Rafiki Mazimpaka: life in a musician’s world

He is no stranger to you, even if you are not a regular radio listener. But fortuitously, I met and got to know him beyond the musician he is and the celebrity he has become.

He is no stranger to you, even if you are not a regular radio listener. But fortuitously, I met and got to know him beyond the musician he is and the celebrity he has become.

Even with awe and marvel written so conspicuously on my face, when he opened the door for me into his house in Kicukiro, he tried so hard to make everything appear normal.

Not more than twenty minutes after my arrival, three boys and one little girl joined us.

They had come to visit. They were aged between four and seven.

More pleasantries were exchanged and I kept wondering why young children found pleasure in coming to his home.
Could it be because they freely watch TV or was it an issue of curiosity?

On both accounts, I guess I was wrong.
"I am congenitally incapable of hating children." he told me when I asked him just how many kids visit him.

Looking around his house armed with information about his job and career, Rafiki presented to me a picture of a man at the pinnacle of the famed Kilimanjaro Mountain and introduced him as Mr. Beanman.

“This is my hero.” He said, adding, “He is my mentor.”
“I strongly disagree with your interpretation of success," he had told me in an earlier phone conversation before the visit.

“Success is a collective and not an individual thing.

These days you will see it if from someone's academic papers, material property and the glamour in which they present themselves and for me, this is not success”.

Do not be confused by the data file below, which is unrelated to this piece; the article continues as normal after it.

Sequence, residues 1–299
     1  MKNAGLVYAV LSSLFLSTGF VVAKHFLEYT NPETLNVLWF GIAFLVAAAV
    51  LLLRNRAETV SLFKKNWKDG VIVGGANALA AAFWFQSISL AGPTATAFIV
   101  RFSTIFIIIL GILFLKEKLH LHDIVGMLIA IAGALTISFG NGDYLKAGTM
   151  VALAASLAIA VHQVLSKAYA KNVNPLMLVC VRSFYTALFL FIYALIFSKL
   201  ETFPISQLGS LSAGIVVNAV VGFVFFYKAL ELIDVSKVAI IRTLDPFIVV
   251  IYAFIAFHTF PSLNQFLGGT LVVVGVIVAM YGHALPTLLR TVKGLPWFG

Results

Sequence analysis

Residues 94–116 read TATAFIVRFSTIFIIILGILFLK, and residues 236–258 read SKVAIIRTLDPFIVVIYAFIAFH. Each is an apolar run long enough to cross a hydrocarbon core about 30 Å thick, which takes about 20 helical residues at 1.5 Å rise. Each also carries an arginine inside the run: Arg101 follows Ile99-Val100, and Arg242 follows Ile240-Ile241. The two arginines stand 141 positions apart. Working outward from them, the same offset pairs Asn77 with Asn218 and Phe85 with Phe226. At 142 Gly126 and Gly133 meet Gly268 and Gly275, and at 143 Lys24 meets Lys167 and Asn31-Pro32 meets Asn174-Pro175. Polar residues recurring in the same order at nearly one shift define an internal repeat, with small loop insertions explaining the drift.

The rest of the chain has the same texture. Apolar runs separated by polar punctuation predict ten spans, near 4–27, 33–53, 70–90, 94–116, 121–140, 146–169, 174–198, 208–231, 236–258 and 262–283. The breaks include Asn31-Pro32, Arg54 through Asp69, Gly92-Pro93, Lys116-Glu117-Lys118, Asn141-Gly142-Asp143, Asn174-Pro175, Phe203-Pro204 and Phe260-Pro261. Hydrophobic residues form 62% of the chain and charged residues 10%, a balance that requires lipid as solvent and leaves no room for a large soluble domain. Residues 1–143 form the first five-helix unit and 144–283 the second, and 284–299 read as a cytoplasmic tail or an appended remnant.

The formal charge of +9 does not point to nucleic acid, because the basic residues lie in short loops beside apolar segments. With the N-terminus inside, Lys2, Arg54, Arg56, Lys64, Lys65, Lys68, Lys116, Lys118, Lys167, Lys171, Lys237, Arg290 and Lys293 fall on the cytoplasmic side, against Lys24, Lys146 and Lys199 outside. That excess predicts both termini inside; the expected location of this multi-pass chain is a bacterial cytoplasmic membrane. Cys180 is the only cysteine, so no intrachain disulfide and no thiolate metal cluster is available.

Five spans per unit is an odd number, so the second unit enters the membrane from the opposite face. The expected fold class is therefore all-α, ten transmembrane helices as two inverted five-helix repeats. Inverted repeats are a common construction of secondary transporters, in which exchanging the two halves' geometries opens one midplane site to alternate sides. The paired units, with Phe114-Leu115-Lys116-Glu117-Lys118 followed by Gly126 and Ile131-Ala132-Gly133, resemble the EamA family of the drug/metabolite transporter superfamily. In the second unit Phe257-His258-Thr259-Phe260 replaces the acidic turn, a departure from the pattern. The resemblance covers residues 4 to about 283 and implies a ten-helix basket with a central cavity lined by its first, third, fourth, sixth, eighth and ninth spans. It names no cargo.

He went on to lecture.
Success can only be a fantasy in our minds and hearts. Or at least that is what many people have lived to tell.

But not for Rafiki Mazimpaka commonly known for his Igikobwa fame. For this coga style musician, triumph was his long childhood desire.

With this twist, my interview on his success just did not hit the mark and so our talk strayed to music.

“Five years ago, I sat isolated in the school compound and made a startling decision.

I thought if I surely worked hard to improve my talent, I would be a great musician without uncertainty.” he narrated as we relocated from the living room to the study
Luckily, his God overheard him and since then he has never looked back.

The young man’s life started its road to such prominence that on 3rd November, in Kampala, he lifted the Pearl of Africa Music award as the best Rwandan male artist.

A first born child in a family of six, Rafiki was born on 25th December 1983 in Goma, a town at the Congo/Rwanda boarder.

This is where he grew and went to school up to senior three before his family moved to back Rwanda.

“When the Genocide eventually ended in 1994, I could not wait to come back home. My heart rejoiced and wished it would never happen again”, stretching to reach out for his cup of tea, the enthusiastic, soft-spoken Rasta man recounts.